The Risks of Overbrushing: A Closer Look | Pocomoke City Dentist

Maintaining good oral hygiene is a cornerstone of a healthy lifestyle, and for many, this means brushing their teeth diligently twice a day. However, can there be too much of a good thing when it comes to brushing? Surprisingly, yes. Overbrushing, or brushing excessively or too vigorously, can pose risks to your dental health, potentially leading to dental abrasion, sensitivity, and gum recession.

Understanding Dental Abrasion Dental abrasion, as explained by the University of Southern California Herman Ostrow School of Dentistry, refers to the loss of tooth structure due to mechanical forces. Overenthusiastic brushing can wear away tooth enamel, leading to exposure of the softer dentin and cementum layers. Signs of abrasion include worn, shiny spots on teeth near the gum line and wedge-shaped indentations on the gum line.

Managing Tooth Sensitivity and Gum Recession When tooth enamel wears away due to abrasion, the underlying dentin layer’s nerve endings may become exposed, resulting in tooth sensitivity. Additionally, overbrushing can cause gum recession, exposing the vulnerable cementum of tooth roots. This not only increases tooth sensitivity and pain but also raises the risk of decay.

Protecting Your Teeth and Gums Preventing overbrushing is crucial to safeguarding your dental health. Here are some tips to help you maintain proper brushing habits:

  1. Choose the Right Tools: Opt for a soft-bristled toothbrush to reduce the risk of abrasion and gum recession. Also, select a toothpaste containing calcium and fluoride to strengthen tooth enamel.
  2. Adopt the Correct Technique: Avoid applying excessive pressure while brushing. Instead, gently angle your toothbrush towards the gum line and brush in a soft, circular motion to effectively remove plaque without causing damage.
  3. Timing Matters: Wait at least 60 minutes after consuming acidic foods or beverages before brushing to prevent enamel erosion. During this time, rinse your mouth with water or chew sugarless gum to neutralize acids.
  4. Address Other Habits: Be mindful of habits like using teeth to open bottles or biting nails, as they can contribute to dental abrasion and enamel wear.

Seek Professional Guidance If you suspect you may be overbrushing or are experiencing symptoms like tooth sensitivity or gum recession, it’s essential to consult your dentist promptly. Depending on your condition, treatment options such as fluoride varnish application, dental bonding, or gum grafting may be recommended to address damage and restore dental health.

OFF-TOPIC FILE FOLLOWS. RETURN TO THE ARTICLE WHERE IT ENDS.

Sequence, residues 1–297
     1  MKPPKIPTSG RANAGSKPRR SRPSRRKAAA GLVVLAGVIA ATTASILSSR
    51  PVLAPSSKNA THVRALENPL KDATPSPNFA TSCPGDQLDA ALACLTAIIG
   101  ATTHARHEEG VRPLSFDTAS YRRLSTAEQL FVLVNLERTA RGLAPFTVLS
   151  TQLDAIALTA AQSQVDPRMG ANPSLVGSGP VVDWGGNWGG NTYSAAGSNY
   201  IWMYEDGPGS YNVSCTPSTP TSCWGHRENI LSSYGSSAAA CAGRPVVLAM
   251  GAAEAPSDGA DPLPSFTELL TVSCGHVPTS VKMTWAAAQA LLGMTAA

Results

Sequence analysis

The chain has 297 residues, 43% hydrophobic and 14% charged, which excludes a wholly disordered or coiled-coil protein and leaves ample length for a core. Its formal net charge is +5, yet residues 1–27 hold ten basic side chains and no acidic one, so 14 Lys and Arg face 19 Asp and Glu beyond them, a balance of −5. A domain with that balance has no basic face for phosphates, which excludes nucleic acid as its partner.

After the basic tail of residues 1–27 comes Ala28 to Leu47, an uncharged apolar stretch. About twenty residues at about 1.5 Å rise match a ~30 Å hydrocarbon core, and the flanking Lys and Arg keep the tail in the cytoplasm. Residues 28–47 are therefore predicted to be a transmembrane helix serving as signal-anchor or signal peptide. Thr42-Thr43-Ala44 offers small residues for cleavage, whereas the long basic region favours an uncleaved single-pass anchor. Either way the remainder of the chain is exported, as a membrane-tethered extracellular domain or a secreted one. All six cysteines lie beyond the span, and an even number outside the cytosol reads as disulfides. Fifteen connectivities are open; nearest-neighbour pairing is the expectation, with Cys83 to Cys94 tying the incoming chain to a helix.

Your Partner in Dental Wellness At Stephen T. Wagner, DDS, our priority is your dental well-being. Our experienced team in Pocomoke City is dedicated to providing personalized care to help you achieve optimal oral health. Schedule an appointment with us today to ensure your brushing habits support a healthy smile for years to come.

Stephen T. Wagner, DDS, PA
Phone: (410) 957-0788
102 8th Street
Pocomoke City, MD 21851

Exploring the Interconnection of Dental Health and Neurological Well-being | Pocomoke City Dentist

From early childhood, the importance of maintaining good oral hygiene, including brushing twice daily, is instilled in us. But does oral health impact more than just our teeth and gums? While numerous studies have delved into this question, reaching definitive conclusions remains challenging. Yet, emerging evidence suggests a correlation between poor oral health and compromised brain function.

Beyond Oral Health: Impact on Overall Well-being The repercussions of poor oral health extend beyond the mouth. Heart health is particularly vulnerable, with men facing heightened risks of cardiovascular diseases. Bacteria from gum infections can travel to the heart, contributing to arterial hardening, thickening of blood, and potentially triggering heart attacks or strokes. Moreover, inhaling bacteria-laden air from the mouth poses risks to lung health, while inflamed gums and teeth can lead to systemic infections.

Neurological Ramifications In addition to cardiovascular concerns, studies suggest a potential link between poor oral health and neurological conditions like dementia. Gingival inflammation may allow bacteria to infiltrate the brain via nerve pathways or the bloodstream, potentially contributing to cognitive decline. Recent research from Rutgers University underscores this, revealing associations between oral health and memory, attention, and learning. Moreover, stress-induced dry mouth can exacerbate oral health issues, further impacting cognitive function, particularly in older adults.

Preventive Measures: A Path to Better Oral and Neurological Health To mitigate these risks, proactive oral hygiene practices are paramount. Begin by evaluating your oral care regimen and consult your dentist for guidance. Brushing teeth twice daily with fluoride toothpaste, coupled with daily flossing, is foundational. Mouthwashes can complement these efforts by eliminating bacteria when used correctly. Regular dental check-ups, at least biannually, are crucial for professional cleaning and examination, safeguarding against potential issues.

Your Partner in Dental and Neurological Well-being At Stephen T. Wagner, DDS, we prioritize comprehensive dental care to promote overall health. Our team is committed to addressing your dental needs while considering their broader implications for neurological well-being. Schedule an appointment with our Dentist in Pocomoke City today and embark on a journey towards optimal oral and cognitive health.